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C21 is shorthand for twenty-first century, and despite all our electronic workmates, filing in our era can be more of a challenge rather than less. There’s more to file, and more
options for doing so. Here’s what works for some experts we know. Some of these ideas may work for you, too.
It’s a C21 Filing
Fact of Life: your system will most likely incorporate both
electronic (e) and print (p) files. Decide what you want to e-file
and what you want to p-file, and try not to overlap the two. If you
file the physical copy of an email, consider deleting the virtual
Back up your files. You know you should...but do
you? Put it on your calendar to help make it happen. Then breathe a
big sigh of relief when you actually need the backup.
Distinguish between retrieval and storage. The files
that you keep within reach should be ones that you refer to at least
once a week. If you haven’t retrieved a file in six months, it
probably doesn’t need to occupy valuable space close to you.
Try organizing your print files
by hot, medium and cold.
If it’s that hot, say some of our filing experts, think about
whether you should file it at all. Act on it first. Then, if you
still plan on referring to it every day, make it a desk file.
Put the files you use on a routine, weekly basis in a
cabinet that’s within arm’s reach or on a file trolley that you can
pull up to your desk.
As our friend Julie Morgenstern, the
author of Organizing from the Inside
Out, reminds us: putting your file cabinets in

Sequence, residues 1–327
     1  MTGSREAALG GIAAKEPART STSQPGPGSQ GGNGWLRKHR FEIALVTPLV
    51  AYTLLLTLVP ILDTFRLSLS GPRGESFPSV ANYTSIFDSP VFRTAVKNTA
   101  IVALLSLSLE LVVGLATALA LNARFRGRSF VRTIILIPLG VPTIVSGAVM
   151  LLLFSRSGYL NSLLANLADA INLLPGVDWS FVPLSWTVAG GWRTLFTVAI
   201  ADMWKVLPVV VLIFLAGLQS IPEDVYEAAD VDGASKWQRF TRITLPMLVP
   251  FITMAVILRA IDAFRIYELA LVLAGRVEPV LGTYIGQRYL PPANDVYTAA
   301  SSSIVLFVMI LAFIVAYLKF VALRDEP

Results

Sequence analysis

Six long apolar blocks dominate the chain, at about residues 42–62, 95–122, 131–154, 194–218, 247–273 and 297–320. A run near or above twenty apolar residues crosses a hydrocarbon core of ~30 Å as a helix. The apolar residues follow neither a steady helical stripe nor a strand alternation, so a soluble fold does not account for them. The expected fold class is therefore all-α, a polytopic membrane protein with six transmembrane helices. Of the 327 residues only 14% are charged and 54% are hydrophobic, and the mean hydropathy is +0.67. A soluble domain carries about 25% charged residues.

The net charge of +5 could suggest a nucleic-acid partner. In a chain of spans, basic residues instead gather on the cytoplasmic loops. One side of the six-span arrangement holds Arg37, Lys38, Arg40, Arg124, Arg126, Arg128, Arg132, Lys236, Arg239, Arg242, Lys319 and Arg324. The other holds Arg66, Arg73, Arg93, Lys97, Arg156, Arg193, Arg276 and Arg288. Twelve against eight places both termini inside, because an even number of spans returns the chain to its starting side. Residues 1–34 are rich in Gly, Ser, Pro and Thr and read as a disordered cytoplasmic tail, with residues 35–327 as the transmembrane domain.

reach of your deskeven if they supplant a credenzasaves steps and
Move files you haven’t referred to in 12 months to
storage and free up valuable space on and near your work area. If 12
months doesn’t work for you, decide on your own timeframe when they
should go coldand do it.
Mary Ellen Canniff, who operates a
home-office organization service called Piles of Files, recommends
this method for house files: put the current year’s in the top
drawer of the file cabinet
(she favors lateral ones), the prior year’s in the second drawer and
older files in containers for storage.
Our other favorite tip from
Julie: file by category, rather than A to Z. Aim for three to five
broad categories, then assign a file drawer to each one if you can.
Tickler files are meant to be a nearly failsafe way to follow up when you
need to. While you can tickle by topic, a better way is by date.
You might have a monthly tickler by day (1-31) and a yearly tickler
by month (Jan, Feb, Mar).
Not all the organized people we know use p-files for their
ticklers. Some prefer to use their electronic calendars as
follow-ups, or to put a reminder note in their task folder.
Some organizational gurus
swear by it, others don’t. Our advice: use colorful folders
regardless, as they’re a welcome visual break from a sea of manila.
And if you find yourself assigning categories to each colorred for
action, blue for quiet reading time, green for todaythen that
system was meant for you. The next level of color-coding?
Coordinating ink colors.
It’s surprising how a little bit of good planning can free your
timeand your mindfor more creative tasks than looking for a file.
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